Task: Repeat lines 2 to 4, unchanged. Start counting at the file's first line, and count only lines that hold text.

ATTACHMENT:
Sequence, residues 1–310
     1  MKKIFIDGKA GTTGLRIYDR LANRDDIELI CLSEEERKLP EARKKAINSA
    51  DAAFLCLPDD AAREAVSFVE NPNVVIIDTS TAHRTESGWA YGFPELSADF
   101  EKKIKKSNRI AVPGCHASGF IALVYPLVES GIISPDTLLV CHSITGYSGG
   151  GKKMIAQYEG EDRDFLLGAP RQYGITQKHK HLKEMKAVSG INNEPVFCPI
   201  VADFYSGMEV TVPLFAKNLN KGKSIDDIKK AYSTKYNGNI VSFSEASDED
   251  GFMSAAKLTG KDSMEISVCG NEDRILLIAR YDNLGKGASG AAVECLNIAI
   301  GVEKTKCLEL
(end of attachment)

     1  MKKIFIDGKA GTTGLRIYDR LANRDDIELI CLSEEERKLP EARKKAINSA
    51  DAAFLCLPDD AAREAVSFVE NPNVVIIDTS TAHRTESGWA YGFPELSADF
   101  EKKIKKSNRI AVPGCHASGF IALVYPLVES GIISPDTLLV CHSITGYSGG